Daylight saving time (DST) ends November 5, 2017, which means it will be time to change the clocks and your programmable thermostat one hour back. It’s easier to remember how to set it by thinking about springing forward in the spring and falling back in the autumn.
The purpose of the time change was to save energy by reducing the amount of indoor lighting required in the summer. It has proved marginally successful for this purpose. Much greater energy savings have come from more efficient HVAC systems, lighting, stricter building codes and appliances. Efforts to overturn DST have met with resistance because people enjoy longer daylight hours while the weather is comfortable outdoors.
Changing the Thermostat
Some types of programmable thermostats are fairly intuitive, but if yours isn’t, you may need to consult the owner’s manual to reset it. Most manufacturers provide these manuals online if you’ve misplaced yours.
It’s also a good idea to change the batteries for the thermostat when you adjust the time for daylight saving time. Without working batteries, the thermostat won’t be able to turn the HVAC system on. Most programmable thermostat covers are easy to take off by twisting or prying the covers off, or removing a few screws.
Changing the Temperatures
Unlike summer, chances are you’ll want the home warmer during the day and cooler at night. As you prepare to change from DST to standard time, set the thermostat for optimal energy savings.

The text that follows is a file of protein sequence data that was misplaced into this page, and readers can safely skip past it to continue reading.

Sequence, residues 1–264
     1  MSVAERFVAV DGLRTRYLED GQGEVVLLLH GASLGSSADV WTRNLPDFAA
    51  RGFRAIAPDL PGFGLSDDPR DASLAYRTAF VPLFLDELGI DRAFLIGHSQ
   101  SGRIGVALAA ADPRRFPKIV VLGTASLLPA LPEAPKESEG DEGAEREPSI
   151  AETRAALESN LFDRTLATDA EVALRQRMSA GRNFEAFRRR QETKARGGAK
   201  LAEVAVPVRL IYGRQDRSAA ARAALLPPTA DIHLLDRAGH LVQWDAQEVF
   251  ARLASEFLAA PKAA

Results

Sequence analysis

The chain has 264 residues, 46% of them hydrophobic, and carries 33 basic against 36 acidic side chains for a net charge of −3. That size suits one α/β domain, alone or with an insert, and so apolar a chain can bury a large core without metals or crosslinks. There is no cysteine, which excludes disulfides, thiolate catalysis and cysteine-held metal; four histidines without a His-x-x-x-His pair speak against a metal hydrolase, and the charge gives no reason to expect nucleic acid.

Turning the temperature down at night helps you sleep better and save energy. While you’re home during the day, a setting of 68 degrees F is comfortable for most. You may also want to increase the daytime temperatures during the weekends when your family is at home.
Adjusting the thermostat for the end of daylight saving time will give you better temperature control for winter. If you need help with this project or haven’t had your system serviced for winter, please contact Roth Heating & Cooling, providing trusted HVAC services for Portland area homeowners.
Our goal is to help educate our customers in the Metro Portland, Oregon area about energy and home comfort issues (specific to HVAC systems).
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